By Troy Flint
Every parent wants the best for their child. What’s harder to determine is where the line between good, supportive child rearing ends and obsessive, hover-parenting begins. Few topics blur that line more than education. If you ever want to feel ridiculous, I encourage you to debate the merits of schooling for three-year-olds.
Even reasonably well-adjusted parents can turn neurotic when the subject of schools comes up. I work in education and consider myself to be a fairly chill parent 9 I’m not expecting my child’s preschool to be a launching pad to Stanford and we didn’t choose a school based on test scores, Great Schools ratings, or the locally sourced cuisine they serve at snack time. We weren’t looking for “prestige” school and pricewise, we ended up with a middle of the road option. And yet, we just agreed to pay more for one-year of preschool than I did for four years of college. (Unfortunately, there are no scholarships or financial aid for preschool). It’s absurd to contemplate really, and more than a little embarrassing, but we’re lucky to have had this choice. The angst over which school to pick is a decidedly champagne problem. For many families, quality preschool options are out of reach, especially here in California. That’s a travesty when the well-being of children is at stake. So, when I find myself fretting about the educational prospects of my children, I try to remind myself of two things: one, with the resources and advantages they have, they’ll be fine; two, my time and concern is better spent working to change systems that deny families access to preschool.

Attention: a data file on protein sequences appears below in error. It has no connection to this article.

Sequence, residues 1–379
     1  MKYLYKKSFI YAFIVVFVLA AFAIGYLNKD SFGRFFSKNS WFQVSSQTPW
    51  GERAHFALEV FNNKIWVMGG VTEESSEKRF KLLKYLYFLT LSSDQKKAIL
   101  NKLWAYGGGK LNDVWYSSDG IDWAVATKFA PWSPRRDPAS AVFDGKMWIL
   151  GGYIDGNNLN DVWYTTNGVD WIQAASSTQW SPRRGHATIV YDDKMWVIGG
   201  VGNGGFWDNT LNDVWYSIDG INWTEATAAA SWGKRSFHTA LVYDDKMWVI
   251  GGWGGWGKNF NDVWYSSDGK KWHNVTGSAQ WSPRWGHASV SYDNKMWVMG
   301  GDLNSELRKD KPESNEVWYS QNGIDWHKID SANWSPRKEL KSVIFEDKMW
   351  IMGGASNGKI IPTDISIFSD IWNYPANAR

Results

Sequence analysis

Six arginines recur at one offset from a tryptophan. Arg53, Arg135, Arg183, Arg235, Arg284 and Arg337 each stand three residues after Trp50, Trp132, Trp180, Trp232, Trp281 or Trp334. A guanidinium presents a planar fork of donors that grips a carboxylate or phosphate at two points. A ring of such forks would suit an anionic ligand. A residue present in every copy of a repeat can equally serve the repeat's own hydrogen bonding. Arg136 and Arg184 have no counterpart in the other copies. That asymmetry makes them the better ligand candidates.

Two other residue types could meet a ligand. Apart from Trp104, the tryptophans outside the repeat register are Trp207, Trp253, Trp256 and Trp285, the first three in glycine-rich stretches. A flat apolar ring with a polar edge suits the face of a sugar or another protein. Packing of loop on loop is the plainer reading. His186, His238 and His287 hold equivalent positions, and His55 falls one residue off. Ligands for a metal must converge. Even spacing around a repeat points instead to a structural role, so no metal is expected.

Most people realize that the early years are critical to a child’s development. The years before kindergarten are a time of dramatic growth when children develop the neural pathways, social skills, and self-confidence that provide the foundation for academic success. Not all children benefit equally from the stimulation needed to fuel that growth. By age three, children from high-income families have vocabularies twice as large as their peers from low-income families, a head start that advantages more affluent children throughout the rest of the lives. In California, the state with the greatest percentage of children living in poverty, the disparities between outcomes for poor students and for their wealthier peers is among the nation’s largest. That’s in no small part because low-income children here have fewer opportunities to prepare for kindergarten than kids in other states. In a recent study, Stanford researchers wrote that, “California’s poor performance relative to that of other states lies not in the gains students make from third grade on, but in the disproportionate achievement gap when children enter kindergarten. Efforts to close the achievement gap clearly need to begin long before school entry.”
That’s a preschool problem everyone should be worried about. It’s why California should implement universal Pre-K and establish a continuum of care and enrichment for all children from the ages of 0 to 5. It’s the best investment we can make in our children and in this state’s future.
Photo by Aaron Burden